Have you wondered why some people can accomplish so much with their lives, while others simply drift by?
The answer to that is time management. Or more precisely, managing the months, weeks, days and hours of your time.
“Time is the only element in the world that is irretrievable when lost.
Lose money and you can make more.
Lose a friend and you can patch up the relationship.
Lose a job and you can find another.
But lose time and it’s gone forever.”
So says a paragraph from Peter Bregman’s volume of personal mastery and time management titled 18 Minutes: Find Your Focus, Master Distraction and Get the Right Things Done.
Author of a highly popular personal leadership column in Harvard Business Review, Bregman’s book is liberally splashed with personal anecdotes to help you master the golden sands of time.
To embrace the principle of 18 Minutes, you should consider four basic steps.
First, you should “slow the spin” and take a step back. Free yourself from the limiting beliefs, habits, feelings and activities which govern your life.
A brief pause allows you to re-orientate your direction in life, recharge and rest to fuel your mind and body, and to see the world as it is while coming to terms with who you truly are. It also allows you to tap deeply into resources that may have been forgotten, and to be open to the extraordinary potential of your true being.
Remember the old Coca-Cola ad below? Yep, just do what it says.
This next phase involves four key elements to narrow your focus for the year ahead, namely:
a) Leverage your strengths – Play the game that is perfectly suited to your strengths. A classic example is how David beat Goliath by tapping on his speed, ability and aim to kill the 8 foot warrior using stones in a slingshot.
b) Embrace your weaknesses – Rather than avoid your quirks and eccentricities, you should find ways to make use of these “obsessions” such that they’ll be an asset instead of a liability.
c) Assert your differences – Don’t waste time trying to blend in. Instead, assert your unique points and capitalise on them as a competitive advantage.
d) Pursue your passion – You should also home in on what you love doing, perform activities that are so enjoyable that they feel effortless, and focus on things that have specific meaning to you.
Finally, you should channel your energies to just five impactful areas during the year. This segues nicely into the next part.
The core component of the book suggests that you should plan for your day by creating an “organising map” of to-do lists comprising the five key areas as well as another section called “The Other 5%” (nice to haves but less essential items).
Choosing what to ignore is just as important as choosing what to focus on. In fact, the word “decision” was actually derived from the Latin word decisio which literally means “to cut off”.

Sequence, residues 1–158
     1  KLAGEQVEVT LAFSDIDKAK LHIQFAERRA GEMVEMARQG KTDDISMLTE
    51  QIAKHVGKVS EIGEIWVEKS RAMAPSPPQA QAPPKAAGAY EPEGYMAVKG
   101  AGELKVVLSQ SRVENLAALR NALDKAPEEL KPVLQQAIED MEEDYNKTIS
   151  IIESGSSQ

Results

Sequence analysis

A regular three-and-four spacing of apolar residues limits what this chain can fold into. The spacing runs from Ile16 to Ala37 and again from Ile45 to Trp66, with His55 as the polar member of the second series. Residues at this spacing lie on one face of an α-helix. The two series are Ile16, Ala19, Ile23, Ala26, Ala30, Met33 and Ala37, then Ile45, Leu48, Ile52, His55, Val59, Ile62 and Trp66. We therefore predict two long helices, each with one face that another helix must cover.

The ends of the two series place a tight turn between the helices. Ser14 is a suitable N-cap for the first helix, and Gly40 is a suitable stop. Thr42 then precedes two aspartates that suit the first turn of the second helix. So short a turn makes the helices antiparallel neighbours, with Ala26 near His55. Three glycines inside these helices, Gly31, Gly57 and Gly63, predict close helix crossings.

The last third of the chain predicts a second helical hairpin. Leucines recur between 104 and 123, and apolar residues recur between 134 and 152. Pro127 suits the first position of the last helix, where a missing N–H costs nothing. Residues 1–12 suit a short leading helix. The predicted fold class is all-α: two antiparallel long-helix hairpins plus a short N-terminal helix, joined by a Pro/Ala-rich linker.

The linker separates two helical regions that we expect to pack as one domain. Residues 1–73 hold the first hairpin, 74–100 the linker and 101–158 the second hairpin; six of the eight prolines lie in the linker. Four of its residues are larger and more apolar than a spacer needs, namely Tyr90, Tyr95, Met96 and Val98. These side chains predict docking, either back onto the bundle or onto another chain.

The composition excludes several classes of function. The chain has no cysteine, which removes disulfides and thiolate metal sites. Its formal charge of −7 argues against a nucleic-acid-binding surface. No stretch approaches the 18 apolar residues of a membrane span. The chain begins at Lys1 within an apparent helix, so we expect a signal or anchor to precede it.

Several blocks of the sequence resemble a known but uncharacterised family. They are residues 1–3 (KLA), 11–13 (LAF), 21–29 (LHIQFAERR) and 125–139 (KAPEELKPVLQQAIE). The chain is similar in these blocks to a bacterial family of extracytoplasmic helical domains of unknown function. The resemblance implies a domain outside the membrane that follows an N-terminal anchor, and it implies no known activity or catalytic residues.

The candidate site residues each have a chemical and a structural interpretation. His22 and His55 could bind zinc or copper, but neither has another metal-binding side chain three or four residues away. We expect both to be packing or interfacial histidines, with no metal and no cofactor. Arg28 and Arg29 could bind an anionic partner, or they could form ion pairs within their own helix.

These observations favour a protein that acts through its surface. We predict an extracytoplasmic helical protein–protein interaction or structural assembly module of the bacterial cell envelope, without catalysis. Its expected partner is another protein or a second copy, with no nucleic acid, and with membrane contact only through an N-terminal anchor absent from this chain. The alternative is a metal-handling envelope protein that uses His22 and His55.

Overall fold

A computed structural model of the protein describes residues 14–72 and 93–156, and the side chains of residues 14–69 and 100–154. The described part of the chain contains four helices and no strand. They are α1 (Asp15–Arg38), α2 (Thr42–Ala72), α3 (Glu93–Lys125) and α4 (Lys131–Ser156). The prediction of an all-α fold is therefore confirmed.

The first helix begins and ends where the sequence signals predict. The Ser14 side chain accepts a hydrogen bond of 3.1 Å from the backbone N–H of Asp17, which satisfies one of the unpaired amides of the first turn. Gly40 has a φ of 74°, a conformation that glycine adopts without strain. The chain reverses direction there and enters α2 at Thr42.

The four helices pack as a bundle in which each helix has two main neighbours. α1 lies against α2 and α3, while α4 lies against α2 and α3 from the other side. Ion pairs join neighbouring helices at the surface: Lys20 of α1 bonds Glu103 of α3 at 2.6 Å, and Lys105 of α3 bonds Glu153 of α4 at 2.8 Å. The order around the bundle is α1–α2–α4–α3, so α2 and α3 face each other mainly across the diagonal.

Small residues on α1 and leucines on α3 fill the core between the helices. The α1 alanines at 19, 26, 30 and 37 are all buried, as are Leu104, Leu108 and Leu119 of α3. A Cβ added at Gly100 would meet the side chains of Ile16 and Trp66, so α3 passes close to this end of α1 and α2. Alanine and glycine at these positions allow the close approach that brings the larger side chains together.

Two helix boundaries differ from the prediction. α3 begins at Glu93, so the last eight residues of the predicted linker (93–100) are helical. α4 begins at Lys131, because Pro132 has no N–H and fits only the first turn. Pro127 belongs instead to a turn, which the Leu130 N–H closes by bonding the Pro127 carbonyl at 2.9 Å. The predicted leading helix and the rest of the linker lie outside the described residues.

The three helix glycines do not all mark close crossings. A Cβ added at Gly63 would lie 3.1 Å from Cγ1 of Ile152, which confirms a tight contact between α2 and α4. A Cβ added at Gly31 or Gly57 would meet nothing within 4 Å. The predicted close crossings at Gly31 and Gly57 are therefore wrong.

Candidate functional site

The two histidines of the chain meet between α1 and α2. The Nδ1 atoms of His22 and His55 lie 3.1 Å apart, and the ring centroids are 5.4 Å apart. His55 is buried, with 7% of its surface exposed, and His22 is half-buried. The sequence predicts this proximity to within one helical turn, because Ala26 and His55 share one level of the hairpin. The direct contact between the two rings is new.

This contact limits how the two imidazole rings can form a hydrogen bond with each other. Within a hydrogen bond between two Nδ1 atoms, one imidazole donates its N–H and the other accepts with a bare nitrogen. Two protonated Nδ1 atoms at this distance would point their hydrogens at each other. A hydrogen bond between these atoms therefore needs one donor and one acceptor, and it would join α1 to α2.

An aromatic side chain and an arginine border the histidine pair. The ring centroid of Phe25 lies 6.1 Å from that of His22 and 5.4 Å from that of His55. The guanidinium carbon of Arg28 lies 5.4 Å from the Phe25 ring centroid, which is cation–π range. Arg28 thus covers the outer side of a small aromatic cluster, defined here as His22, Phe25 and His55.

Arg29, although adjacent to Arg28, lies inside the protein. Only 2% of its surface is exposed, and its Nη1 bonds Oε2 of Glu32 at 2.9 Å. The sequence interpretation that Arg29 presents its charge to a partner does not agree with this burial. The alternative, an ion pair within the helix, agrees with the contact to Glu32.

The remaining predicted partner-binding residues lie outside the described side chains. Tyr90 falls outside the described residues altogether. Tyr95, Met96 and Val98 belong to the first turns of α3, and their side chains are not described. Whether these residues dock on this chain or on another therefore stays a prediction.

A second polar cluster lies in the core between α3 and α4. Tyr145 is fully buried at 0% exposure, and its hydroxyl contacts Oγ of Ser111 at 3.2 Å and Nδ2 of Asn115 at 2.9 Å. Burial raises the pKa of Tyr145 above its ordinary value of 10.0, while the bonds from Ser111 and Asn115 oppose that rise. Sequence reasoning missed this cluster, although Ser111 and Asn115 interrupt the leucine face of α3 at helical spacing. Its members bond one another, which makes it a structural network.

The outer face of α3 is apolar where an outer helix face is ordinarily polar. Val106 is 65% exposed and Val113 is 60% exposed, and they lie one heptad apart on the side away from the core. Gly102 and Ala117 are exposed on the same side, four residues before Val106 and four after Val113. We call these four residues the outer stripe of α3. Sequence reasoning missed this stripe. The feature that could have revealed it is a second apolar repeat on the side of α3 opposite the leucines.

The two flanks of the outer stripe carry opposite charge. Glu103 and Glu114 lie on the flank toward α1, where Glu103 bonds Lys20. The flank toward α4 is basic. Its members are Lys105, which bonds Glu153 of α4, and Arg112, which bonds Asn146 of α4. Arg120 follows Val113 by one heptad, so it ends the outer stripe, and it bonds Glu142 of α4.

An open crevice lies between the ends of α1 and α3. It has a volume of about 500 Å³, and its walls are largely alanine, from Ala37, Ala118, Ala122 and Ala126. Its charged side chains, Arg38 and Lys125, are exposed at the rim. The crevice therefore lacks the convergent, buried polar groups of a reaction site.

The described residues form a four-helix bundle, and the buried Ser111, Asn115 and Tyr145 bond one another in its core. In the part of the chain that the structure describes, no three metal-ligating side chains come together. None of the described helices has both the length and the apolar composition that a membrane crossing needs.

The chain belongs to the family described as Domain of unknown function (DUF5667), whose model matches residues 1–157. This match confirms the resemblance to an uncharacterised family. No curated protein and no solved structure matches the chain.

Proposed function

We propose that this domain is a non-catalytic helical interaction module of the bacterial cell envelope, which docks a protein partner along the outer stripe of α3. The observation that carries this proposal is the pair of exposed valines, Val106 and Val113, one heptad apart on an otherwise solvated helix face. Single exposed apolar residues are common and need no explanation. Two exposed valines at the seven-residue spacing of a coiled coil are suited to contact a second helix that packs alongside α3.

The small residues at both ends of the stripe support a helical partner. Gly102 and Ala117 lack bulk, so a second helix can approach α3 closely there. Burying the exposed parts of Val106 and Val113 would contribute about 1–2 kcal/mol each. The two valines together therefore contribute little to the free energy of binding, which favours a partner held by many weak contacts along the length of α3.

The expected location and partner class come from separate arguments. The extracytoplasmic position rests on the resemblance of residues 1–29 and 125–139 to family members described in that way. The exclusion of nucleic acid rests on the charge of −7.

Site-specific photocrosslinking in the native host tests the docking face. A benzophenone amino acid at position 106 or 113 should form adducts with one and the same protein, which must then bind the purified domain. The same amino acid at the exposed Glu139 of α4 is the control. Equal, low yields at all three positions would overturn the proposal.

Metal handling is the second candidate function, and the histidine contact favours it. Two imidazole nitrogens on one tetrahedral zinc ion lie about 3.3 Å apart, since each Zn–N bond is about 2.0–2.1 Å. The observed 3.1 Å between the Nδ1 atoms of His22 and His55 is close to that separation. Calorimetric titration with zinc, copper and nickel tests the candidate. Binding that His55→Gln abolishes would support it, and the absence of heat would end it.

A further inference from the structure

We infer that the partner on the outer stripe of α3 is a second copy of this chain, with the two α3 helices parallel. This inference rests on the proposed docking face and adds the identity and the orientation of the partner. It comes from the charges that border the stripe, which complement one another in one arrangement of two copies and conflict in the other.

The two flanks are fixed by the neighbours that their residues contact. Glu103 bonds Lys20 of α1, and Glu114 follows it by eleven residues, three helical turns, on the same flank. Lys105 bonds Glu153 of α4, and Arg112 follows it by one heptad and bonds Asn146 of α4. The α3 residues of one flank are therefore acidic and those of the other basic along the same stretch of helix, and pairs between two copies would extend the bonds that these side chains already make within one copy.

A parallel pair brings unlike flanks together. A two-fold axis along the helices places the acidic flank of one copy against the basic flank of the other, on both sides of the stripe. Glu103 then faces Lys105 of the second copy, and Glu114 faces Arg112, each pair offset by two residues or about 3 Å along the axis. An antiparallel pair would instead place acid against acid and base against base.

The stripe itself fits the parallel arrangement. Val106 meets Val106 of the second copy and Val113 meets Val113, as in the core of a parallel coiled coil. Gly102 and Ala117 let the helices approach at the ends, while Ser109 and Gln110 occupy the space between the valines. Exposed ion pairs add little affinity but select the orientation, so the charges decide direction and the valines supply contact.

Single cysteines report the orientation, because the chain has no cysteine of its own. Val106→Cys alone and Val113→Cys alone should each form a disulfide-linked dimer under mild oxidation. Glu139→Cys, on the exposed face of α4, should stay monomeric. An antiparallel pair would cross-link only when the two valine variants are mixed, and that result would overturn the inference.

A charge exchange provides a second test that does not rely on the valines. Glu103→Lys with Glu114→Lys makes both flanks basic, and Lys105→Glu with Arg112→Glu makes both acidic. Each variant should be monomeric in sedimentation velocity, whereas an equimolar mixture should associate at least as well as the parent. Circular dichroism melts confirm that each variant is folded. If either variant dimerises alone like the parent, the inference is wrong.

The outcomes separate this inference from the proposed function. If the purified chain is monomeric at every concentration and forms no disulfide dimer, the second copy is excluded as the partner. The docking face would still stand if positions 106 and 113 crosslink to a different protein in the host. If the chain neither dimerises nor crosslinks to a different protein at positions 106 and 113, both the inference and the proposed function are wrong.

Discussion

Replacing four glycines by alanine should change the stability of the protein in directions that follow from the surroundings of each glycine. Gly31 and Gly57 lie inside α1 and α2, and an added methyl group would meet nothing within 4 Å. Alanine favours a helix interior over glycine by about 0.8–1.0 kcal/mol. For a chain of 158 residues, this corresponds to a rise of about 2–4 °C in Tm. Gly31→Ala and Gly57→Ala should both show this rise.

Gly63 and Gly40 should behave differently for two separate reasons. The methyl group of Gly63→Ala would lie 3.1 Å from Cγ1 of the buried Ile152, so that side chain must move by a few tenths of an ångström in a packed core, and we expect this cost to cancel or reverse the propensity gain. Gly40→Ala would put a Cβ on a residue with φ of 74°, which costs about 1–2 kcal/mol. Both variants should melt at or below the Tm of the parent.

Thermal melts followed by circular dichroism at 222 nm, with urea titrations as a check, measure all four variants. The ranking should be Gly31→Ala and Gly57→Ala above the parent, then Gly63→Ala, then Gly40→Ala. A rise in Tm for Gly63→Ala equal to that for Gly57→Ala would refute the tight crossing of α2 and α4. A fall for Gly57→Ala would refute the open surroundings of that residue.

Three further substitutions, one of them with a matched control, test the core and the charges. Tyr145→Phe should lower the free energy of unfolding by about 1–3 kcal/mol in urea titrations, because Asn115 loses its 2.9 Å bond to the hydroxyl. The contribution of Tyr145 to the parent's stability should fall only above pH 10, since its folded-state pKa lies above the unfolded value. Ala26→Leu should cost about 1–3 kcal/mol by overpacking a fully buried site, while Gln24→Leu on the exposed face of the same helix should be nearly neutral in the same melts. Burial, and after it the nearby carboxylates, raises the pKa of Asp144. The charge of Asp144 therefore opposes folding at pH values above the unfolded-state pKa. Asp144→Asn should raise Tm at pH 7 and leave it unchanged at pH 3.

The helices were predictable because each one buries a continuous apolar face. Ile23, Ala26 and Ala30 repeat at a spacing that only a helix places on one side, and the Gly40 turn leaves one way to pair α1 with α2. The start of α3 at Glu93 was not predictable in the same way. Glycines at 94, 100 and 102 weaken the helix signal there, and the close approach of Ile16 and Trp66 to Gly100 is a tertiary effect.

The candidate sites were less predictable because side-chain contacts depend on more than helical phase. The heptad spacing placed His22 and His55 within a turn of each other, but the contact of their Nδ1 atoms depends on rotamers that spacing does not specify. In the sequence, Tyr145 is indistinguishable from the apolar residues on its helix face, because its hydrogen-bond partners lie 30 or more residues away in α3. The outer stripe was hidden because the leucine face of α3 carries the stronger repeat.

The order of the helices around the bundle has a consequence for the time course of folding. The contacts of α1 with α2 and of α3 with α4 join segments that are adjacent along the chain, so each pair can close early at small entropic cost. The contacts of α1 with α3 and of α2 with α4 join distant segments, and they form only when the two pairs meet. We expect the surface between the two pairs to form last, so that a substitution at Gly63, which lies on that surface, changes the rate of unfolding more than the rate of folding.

With your organising map of 6 boxes now in place, you should schedule your priorities on the calendar for the day, making sure that things are not left on the to-do list for more than three days.
The plan is summarised in the form of an 18 minute daily ritual which goes as follows:
Step 1 (5 minutes): Your Morning Minutes – Plan ahead in the morning before turning on your computer or looking at your smartphone by scheduling items in your calendar. Do it before any busywork or distractions get in the way
Step 2 (1 minute every hour): Refocus – Set a watch or phone to beep every hour as a reminder for you to take a deep breath and refocus on what you need to do. This helps you to re-orientate yourself throughout the day and to check to see that each hour is productively spent.
Step 3 (5 minutes): Your Evening Minutes – Review at the end of the workday how it went, what you’ve learned about yourself, and whether there is anyone else you need to communicate with, or any outstanding areas which are left undone. Go ahead and do those things.
Distraction is a killer in our always-on smartphone fueled age. This last section teaches us how to reduce distractions through three key ways:
Create an environment that compels you to do the things you want to do, using fun as a motivating factor. At the same time, you should deploy fear and pleasure as catalysts of change, develop a good story about yourself, and choose a “fantasy world” in your mind that supports you.
Resist the temptation to say yes to others too often. Be firm in saying “no” and mean it. Make good use of your transition time between activities, and schedule specific times during vacations to take care of work related things (if at all).
This final portion teaches you how to use positive distractions to keep fear from disabling your effectiveness.
Always avoid multi-tasking (or switch tasking) due to its inefficiency, and embrace productivity by doing things step by step rather than aim for perfection.
Getting things half right and involving others to complete them improves the chances of success and buy in from others.
Overall, 18 Minutes was a useful guide for all of us who feel perpetually harangued by the endless list of chores that accompany modern day living.
With its highly readable prose, the book helps you to reflect upon what’s truly important in your lives and provides a practical way to reach your ultimate goal.
The challenge, of course, is having the discipline to apply what it preaches. This is especially difficult in an age of endless digital distractions.
Thankfully Peter Bregman has generously made available an 18 Minutes Planning Productivity Toolkit which you can download for free.
Now that you’ve read how 18 Minutes could possibly change your life, I’d love to read what your thoughts are.
Special thanks to Geraldine Kan for the review copy!